David Lodge is a man of letters, firmly grounded in his own creative experience and blessed with wonderful wit. In 1987, Lodge retired from a distinguished career as Professor of Modern English Literature at the University of Birmingham (England) to devote full time to his writing. Most of the pieces in THE PRACTICE OF WRITING have been written since then, many for specific situations such as conference presentations, pubic lectures, or book introductions.
The selections in part one focus on the novel. Lodge looks at the state of the contemporary novel, delving into the lives and works of novelists who have influenced his own writing such as D. H. Lawrence, Graham Greene, James Joyce, and Vladimir Nabokov. He also addresses a perennial question in his essay titled “Creative Writing: Can it/Should it be Taught?” Given Lodge’s considerable achievements as both critic and creative writer, his perspective may be of special interest to people on both sides of the fence.
Lodge also bridges gaps in part two. He looks at the differences between writing novels and writing for performance (stage or screen), in terms of what the novelist must relinquish as well as the extra dimensions and satisfactions that may come from performance of one’s work. Lodge’s accounts of adapting novels for television (his own, as well as Charles Dickens’) are particularly interesting, as are excerpts from the diary Lodge kept during the production of his play THE WRITING GAME by the Birmingham Repertory Theatre in 1990.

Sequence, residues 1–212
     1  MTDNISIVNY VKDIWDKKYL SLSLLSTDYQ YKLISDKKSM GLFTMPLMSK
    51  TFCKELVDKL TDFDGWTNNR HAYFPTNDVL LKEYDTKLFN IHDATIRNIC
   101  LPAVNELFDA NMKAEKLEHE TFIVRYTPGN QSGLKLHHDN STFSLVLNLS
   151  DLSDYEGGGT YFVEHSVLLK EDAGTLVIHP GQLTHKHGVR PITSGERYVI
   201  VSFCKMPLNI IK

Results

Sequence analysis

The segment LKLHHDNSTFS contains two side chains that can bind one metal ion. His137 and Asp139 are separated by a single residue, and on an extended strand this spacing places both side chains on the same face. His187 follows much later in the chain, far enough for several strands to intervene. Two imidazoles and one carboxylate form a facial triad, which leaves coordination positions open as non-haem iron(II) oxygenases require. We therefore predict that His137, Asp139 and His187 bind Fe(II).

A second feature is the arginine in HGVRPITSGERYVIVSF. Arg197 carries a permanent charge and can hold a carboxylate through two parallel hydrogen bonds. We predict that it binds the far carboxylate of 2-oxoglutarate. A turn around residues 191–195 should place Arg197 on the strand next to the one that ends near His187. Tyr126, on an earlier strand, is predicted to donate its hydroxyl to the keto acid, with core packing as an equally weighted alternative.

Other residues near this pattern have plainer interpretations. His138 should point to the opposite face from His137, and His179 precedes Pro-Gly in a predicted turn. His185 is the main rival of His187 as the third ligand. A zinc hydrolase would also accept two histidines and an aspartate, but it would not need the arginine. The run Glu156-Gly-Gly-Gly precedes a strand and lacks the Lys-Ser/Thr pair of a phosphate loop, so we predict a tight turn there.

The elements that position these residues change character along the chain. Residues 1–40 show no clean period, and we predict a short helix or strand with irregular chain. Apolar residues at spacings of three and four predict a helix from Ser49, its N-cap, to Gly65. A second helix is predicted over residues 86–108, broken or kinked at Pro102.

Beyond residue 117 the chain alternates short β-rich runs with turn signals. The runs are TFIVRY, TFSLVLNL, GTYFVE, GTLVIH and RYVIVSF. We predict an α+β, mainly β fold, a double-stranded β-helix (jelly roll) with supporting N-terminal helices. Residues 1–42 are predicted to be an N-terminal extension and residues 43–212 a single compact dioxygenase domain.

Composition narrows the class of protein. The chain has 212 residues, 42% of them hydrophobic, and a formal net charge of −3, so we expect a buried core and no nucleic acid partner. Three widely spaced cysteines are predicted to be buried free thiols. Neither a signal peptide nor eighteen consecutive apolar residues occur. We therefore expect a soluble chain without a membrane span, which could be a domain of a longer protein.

Lodge says that he has “never felt there was any conflict or contradiction between being a self-aware creative writer and an analytical, formalist critic at the same time.” Acknowledging that writing about one’s work does carry certain risks, Lodge seems more than willing to accept them. Readers who already love Lodge’s novels will love getting to know the man behind the words in this collection. It will also be fertile ground for people interested in creative writing in any medium.